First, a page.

Sourcing EV Battery Materials Is A Challenge: Does China Have The Answer?

  • China controls much of the supply of battery materials
  • New rules issued under last year’s Inflation Reduction Act exclude EVs with components from “foreign entities of concern” like China
  • Ford and others have been criticized for collaborating with a Chinese supplier

Over the last year, electric vehicles (EVs) and battery material production have made huge leaps and bounds as EVs touch an increasing segment of the motoring public. But there’s a hiccup. The Biden administration’s strategy to stimulate domestic battery manufacturing is running into a problem: Certain critical raw materials needed for batteries are only found abroad, and as it turns out, China controls much of the supply.

The origins of raw materials used in EV manufacturing — including lithium, nickel, zinc, cobalt, and graphite — are about to have a huge impact on tax credits designed to put such cars within reach of average Americans. Those who buy EVs will receive up to $7,500 in federal tax credits — but only when buying cars that meet certain sourcing requirements.

New rules issued under last year’s Inflation Reduction Act exclude EVs with components from “foreign entities of concern” — a category that includes China. The idea is to reduce U.S. reliance on China, a complicated and lofty goal given Beijing’s control of vital battery resources and technology.

Child laborers mining cobalt in the Congo.

While some precious materials like cobalt—of which around 70% of the world’s demand is mined in controversial (human rights violations) countries like the Congo, are problematic to source, many other minerals essential to EV battery chemistries are primarily mined and processed in China, or by companies within China’s sphere of influence.

China is expected to control over 30% of the world’s lithium supply by 2025. It also just happens to be home to one of the world’s largest natural battery graphite resources and is the only country currently mining such material in large quantities. While lithium and some other battery minerals exist in the U.S., developing mines is an expensive and time-consuming process.

What about the $7,500 tax credits available to products that meet certain requirements? Ford Motor, for example, expects more than $7 billion in battery manufacturing tax credits between now and 2026 and says the annual credits will leap much higher starting in 2027.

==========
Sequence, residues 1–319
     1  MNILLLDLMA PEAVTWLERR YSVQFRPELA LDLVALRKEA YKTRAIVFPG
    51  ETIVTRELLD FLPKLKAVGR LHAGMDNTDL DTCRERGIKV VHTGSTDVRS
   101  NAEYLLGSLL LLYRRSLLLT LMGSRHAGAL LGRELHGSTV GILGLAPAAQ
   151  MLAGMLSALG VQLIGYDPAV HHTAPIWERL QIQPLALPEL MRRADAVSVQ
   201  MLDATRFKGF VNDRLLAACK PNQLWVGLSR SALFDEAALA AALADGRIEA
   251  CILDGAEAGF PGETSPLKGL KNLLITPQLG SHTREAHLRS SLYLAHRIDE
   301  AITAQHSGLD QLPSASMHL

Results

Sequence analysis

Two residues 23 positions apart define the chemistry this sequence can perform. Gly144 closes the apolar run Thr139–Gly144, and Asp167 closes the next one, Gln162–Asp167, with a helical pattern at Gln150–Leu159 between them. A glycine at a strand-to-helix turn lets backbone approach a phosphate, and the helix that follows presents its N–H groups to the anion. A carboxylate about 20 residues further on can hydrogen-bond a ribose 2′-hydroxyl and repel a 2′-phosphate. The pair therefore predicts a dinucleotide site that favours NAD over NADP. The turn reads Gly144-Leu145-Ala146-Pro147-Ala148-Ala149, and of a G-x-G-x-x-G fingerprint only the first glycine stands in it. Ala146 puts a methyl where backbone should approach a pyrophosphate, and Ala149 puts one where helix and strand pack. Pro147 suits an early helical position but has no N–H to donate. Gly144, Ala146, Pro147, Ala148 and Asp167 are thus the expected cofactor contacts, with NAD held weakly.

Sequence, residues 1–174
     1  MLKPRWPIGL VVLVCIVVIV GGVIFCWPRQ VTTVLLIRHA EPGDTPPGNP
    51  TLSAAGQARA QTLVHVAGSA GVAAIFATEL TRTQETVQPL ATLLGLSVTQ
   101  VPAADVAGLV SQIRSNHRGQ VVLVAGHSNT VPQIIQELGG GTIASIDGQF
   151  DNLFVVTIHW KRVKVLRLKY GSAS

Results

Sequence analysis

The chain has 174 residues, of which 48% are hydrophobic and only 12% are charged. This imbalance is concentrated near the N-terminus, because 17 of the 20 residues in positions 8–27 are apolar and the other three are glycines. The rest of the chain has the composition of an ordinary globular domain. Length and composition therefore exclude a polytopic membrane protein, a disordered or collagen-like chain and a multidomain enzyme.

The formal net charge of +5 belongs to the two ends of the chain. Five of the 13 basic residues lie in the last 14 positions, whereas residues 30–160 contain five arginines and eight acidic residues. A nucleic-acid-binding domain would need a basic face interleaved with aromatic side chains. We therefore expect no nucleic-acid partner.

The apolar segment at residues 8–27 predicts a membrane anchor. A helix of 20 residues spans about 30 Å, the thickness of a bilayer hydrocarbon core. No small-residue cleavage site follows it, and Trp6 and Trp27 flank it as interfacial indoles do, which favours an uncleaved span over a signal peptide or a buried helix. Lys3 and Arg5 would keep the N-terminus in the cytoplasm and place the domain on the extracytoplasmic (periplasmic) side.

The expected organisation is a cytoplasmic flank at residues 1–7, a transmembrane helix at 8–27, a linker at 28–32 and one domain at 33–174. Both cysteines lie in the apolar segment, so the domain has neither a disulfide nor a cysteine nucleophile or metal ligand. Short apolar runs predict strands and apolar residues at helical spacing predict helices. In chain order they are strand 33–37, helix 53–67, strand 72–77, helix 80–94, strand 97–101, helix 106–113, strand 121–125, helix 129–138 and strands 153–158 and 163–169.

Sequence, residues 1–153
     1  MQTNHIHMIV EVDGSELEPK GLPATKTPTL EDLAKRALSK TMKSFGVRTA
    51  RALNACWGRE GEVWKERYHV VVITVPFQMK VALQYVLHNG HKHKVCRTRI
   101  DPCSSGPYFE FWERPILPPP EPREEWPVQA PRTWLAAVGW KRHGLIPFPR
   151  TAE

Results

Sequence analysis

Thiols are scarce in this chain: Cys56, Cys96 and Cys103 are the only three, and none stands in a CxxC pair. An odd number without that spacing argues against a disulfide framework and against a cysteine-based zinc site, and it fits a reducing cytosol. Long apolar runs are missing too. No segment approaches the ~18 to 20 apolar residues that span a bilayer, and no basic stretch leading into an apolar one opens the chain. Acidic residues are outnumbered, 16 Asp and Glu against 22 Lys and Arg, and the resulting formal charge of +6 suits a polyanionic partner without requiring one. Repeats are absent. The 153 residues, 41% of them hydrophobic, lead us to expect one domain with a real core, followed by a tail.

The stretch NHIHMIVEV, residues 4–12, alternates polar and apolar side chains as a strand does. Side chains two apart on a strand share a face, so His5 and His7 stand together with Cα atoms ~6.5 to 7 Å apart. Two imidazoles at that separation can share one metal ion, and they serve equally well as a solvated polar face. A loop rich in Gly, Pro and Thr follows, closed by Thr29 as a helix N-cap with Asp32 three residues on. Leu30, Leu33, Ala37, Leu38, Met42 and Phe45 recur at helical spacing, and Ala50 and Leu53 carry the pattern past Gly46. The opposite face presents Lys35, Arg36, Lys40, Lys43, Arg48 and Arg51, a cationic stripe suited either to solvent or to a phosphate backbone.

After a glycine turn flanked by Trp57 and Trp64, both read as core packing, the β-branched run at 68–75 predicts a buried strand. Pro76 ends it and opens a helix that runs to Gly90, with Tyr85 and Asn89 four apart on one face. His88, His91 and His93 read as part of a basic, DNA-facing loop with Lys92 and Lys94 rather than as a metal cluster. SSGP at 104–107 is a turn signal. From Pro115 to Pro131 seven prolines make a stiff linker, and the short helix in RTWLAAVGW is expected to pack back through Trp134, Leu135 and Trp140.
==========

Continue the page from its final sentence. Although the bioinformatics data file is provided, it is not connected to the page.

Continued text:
Yet Ford and others have been criticized for collaborating with a Chinese supplier, on a new $3.5 billion battery plant in Michigan (in Ford’s case), and for investing alongside a Chinese mining company in an Indonesian nickel plant.

Senator Marco Rubio (R-Fla.) is sponsoring a bill aimed at Ford that would outlaw tax credits for joint ventures with Chinese companies or for EVs built using battery technology licensed from China.

Rubio said that “Hardworking Americans should not be forced to subsidize Chinese companies that make batteries for electric vehicles that cost more than most people make in a year.” Ford, on the other hand, says it’s complying with both the letter and the spirit of U.S. law while creating thousands of jobs.

Some auto industry executives say there’s a danger in trying to unwind global supply chains to protect regional economies. “There are a lot of traps,” says Carlos Tavares, CEO of Stellantis, the parent of Jeep, Chrysler, and Peugeot. “The world is fragmenting, and global trade is going backward,” he says, creating regional economic bubbles.


One commentator recently said that the search for battery-related raw materials is a problematic one as the more you search, the more you realize you don’t have sufficient precious materials to create enough batteries for the rapidly growing number of EVs. “You might not always have the resources in the bubble to support the activities inside the bubble,” Tavares adds — which could mean higher prices for energy, raw materials and labor, and eventually higher prices for EVs.

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